Andy Warhol - Contemporary Art Evening Sale London Wednesday, February 27, 2008 | Phillips

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  • Provenance

    Fredrick W. Hughes, New York; Private collection, New York; Stellan Holm Gallery, New York

  • Exhibited

    Zurich, Galerie Bruno Bischofberger, 1992; Berlin, Hamburger Bahnhof, Museum fur Gegenwart, 1996; Los Angeles, The Museum of Contemporary Art, Andy Warhol Retrospective, 25 May – 18 August, 2002; Miami, Miami Art Museum, Miami Currents: Linking Collection and Community, 30 October, 2002 – 2 March, 2003

  • Literature

    Harper’s Bazaar, Deus Ex Machina, vol. 96, no. 3012, November, 1962, pp. 156 – 159 (illustrated); Exhibition Catalogue, Galerie Bruno Bischofberger, Zurich, 1992, no. 2 (illustrated); H. Bastian, Sammlung Marx – Volume II, Munich, 1996, no. 3 (illustrated); G. Frei, N. Printz, eds., The Andy Warhol Catalogue Raisonné: Paintings and Sculptures 1961 – 1963, London/New York, 2002, no. 217 & p. 202  (illustrated)

  • Catalogue Essay

    Ironically, though he was looking to abandon his commercial background, Warhol was pleased to be commissioned by Harper’s Bazaar magazine to paint Untitled (Pontiac) for their November 1961 issue. He found the pressure to choose his subjects troublesome, and preferred to sit back and have others suggest subjects for him, as he had done as a commercial illustrator. He stated, ‘I loved working when I worked at commercial art and they told you what to do and how to do it and all you had to do was correct it and they’d say yes or no.The hard thing is when you have to dream up tasteless things to do on your own’ (Andy Warhol, The Philosophy of Andy Warhol, NewYork and London, 1975, p.96).The tendency to rely on others for inspiration remained with Warhol throughout his career, and it is well established that series ranging from Dollar Signs to Camouflage were suggested to the artist by his friends and associates. This particular commissioned painting debuted in a glossy, four-page spread entitled ‘Deus Ex Machina,’ dedicated to Warhol and cars. As the article explained, ‘Commissioned…to make a visual comment on the phenomenon of the American motorcar, Andy Warhol, continuing his experimentation in ‘commonism’ of the art of giving the familiar a supra-familiarity, made the nine oil paintings on these and the two preceding pages’ (As quoted in The Andy Warhol Catalogue Raisonné, vol. 1, London; New York: Phaidon, p.193). Photographer Eric Pollitzer shot the paintings at Warhol’s studio at 1342 Lexington Avenue for the spread. He employed the classic studio approach, photographing the works leaning up against each other to create an informal, pastiche effect. It was with good reason that Harper’s Bazaar chose cars as Warhol’s subject. The artist once said ‘I think of myself as an American artist. I like it here, I think it’s so great. I’d like to work in Europe but I wouldn’t do the same things, I’d do different things. I feel I represent the US in my art, but I’m not a social critic. I just paint the objects in my paintings because those are the things I know best’ (Andy Warhol: A Retrospective, New York: Museum of Modern Art, 1989, p.458). Untitled (Pontiac) is exactly the type of subject Warhol describes in this quote. Automobiles were the essential American symbol. Developed and popularized in America, they had transformed from a luxury item available exclusively to the rich in the early twentieth century, to a ubiquitous form of transport accessible to a majority of people in the 1960s, demonstrating that the American Dream was attainable in a very real sense. Warhol’s fame arose in part from his penchant for painting common, American commodities, a category to which the 1963 Pontiac undeniably belonged. Though the car was a symbol of America’s wealth and high spirits in the Post-War era, there was more to it the sleek edges and graphic grille that Warhol highlights in Untitled (Pontiac). Warhol addresses this discrepancy in the following year, when cars again appear in his work – this time as agents of death of destruction in the Disasters series.These images of twisted metal revealed the darker side of America’s wholehearted embrace of the automobile. However, late 1961 found Warhol positive about the role of the car in modern society, as well as the start of the trademark Pop Art style he would come to be famous for, the seeds of which he planted in Untitled (Pontiac).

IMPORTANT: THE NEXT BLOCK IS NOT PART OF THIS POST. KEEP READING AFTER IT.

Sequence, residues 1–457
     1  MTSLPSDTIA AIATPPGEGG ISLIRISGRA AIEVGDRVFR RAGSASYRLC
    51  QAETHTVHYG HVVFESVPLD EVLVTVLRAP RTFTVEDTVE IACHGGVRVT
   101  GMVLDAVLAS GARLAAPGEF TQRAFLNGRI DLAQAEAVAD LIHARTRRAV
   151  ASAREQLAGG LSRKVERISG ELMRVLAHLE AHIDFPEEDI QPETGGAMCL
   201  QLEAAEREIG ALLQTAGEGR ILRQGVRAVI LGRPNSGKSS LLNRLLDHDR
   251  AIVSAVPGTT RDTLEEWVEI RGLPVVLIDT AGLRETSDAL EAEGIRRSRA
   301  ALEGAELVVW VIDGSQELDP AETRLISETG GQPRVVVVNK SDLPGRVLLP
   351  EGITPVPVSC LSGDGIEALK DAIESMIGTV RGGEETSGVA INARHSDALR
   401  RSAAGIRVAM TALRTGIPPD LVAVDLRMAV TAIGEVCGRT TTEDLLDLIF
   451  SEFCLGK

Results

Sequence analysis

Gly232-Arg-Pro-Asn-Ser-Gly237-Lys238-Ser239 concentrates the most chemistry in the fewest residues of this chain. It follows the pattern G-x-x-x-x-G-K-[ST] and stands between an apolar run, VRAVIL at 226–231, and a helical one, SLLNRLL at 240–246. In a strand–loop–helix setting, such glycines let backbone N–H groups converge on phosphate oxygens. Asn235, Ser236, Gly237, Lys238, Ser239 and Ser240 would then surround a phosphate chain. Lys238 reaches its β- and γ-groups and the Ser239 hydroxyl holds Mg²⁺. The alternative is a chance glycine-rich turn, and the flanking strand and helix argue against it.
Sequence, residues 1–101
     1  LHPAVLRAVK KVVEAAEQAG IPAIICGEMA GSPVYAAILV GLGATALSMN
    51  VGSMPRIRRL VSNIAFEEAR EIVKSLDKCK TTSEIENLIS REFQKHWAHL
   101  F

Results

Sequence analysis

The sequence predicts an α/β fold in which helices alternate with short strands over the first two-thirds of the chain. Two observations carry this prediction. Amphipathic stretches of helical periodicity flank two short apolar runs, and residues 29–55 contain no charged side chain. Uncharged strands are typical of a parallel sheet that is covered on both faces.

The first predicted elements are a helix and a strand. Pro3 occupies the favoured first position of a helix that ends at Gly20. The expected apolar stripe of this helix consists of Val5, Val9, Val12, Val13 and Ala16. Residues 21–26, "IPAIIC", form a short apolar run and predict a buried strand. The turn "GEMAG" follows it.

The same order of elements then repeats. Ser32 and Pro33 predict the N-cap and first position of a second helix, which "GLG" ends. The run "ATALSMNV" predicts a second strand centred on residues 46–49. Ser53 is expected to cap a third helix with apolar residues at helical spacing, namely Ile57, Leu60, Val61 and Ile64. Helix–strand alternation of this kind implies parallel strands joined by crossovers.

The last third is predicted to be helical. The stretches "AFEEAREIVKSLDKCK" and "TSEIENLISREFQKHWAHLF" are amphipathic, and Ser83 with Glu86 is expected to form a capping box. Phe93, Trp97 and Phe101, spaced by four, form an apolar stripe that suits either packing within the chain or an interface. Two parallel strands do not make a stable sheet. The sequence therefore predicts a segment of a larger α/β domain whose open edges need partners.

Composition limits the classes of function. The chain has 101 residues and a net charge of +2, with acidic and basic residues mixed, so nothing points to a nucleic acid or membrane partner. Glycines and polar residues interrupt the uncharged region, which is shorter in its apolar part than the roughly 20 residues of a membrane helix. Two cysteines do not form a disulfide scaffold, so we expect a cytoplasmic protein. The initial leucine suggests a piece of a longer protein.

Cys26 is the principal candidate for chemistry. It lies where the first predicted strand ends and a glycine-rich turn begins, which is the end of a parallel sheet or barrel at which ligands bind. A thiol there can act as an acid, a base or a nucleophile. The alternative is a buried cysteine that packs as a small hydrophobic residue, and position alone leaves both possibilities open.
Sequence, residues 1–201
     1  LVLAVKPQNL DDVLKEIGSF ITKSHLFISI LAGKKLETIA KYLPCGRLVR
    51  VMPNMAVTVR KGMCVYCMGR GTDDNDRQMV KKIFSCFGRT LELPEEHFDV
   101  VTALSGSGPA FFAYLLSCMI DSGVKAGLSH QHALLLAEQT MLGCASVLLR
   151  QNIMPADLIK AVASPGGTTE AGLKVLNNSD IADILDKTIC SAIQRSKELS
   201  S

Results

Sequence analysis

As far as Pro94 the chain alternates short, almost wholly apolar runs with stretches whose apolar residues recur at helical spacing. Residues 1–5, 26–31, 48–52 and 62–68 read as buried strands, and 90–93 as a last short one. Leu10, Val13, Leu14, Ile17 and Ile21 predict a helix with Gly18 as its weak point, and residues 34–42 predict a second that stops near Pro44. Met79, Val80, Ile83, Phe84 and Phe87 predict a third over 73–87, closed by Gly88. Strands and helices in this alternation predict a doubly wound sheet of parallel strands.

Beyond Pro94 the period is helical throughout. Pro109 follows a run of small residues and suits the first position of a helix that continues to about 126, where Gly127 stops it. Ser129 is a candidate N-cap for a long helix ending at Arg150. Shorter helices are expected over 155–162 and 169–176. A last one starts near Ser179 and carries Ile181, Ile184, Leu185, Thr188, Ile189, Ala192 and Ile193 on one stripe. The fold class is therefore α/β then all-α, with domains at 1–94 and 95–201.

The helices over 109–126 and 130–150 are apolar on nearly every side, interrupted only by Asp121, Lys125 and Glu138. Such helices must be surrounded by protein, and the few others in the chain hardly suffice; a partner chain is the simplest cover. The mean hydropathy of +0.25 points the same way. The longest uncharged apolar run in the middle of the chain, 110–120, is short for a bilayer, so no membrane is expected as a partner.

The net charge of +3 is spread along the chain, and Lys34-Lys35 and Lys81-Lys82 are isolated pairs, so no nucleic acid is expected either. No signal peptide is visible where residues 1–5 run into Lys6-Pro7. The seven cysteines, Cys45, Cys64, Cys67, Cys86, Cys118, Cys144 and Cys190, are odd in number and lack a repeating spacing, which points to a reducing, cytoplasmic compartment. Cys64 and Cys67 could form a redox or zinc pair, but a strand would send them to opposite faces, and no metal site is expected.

• Artist Biography

    Andy Warhol

    American • 1928 - 1987

    Andy Warhol was the leading exponent of the Pop Art movement in the U.S. in the 1960s. Following an early career as a commercial illustrator, Warhol achieved fame with his revolutionary series of silkscreened prints and paintings of familiar objects, such as Campbell's soup tins, and celebrities, such as Marilyn Monroe. Obsessed with popular culture, celebrity and advertising, Warhol created his slick, seemingly mass-produced images of everyday subject matter from his famed Factory studio in New York City. His use of mechanical methods of reproduction, notably the commercial technique of silk screening, wholly revolutionized art-making.

    Working as an artist, but also director and producer, Warhol produced a number of avant-garde films in addition to managing the experimental rock band The Velvet Underground and founding Interview magazine. A central figure in the New York art scene until his untimely death in 1987, Warhol was notably also a mentor to such artists as Keith Haring and Jean-Michel Basquiat.


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Untitled (Pontiac)

Acrylic and pencil on canvas.
63.2 x 76.2 cm. (24 7/8 x 30 in).

£800,000 - 1,200,000 

Sold for £1,028,500

Contemporary Art Evening Sale

28 Feb 2008, 7pm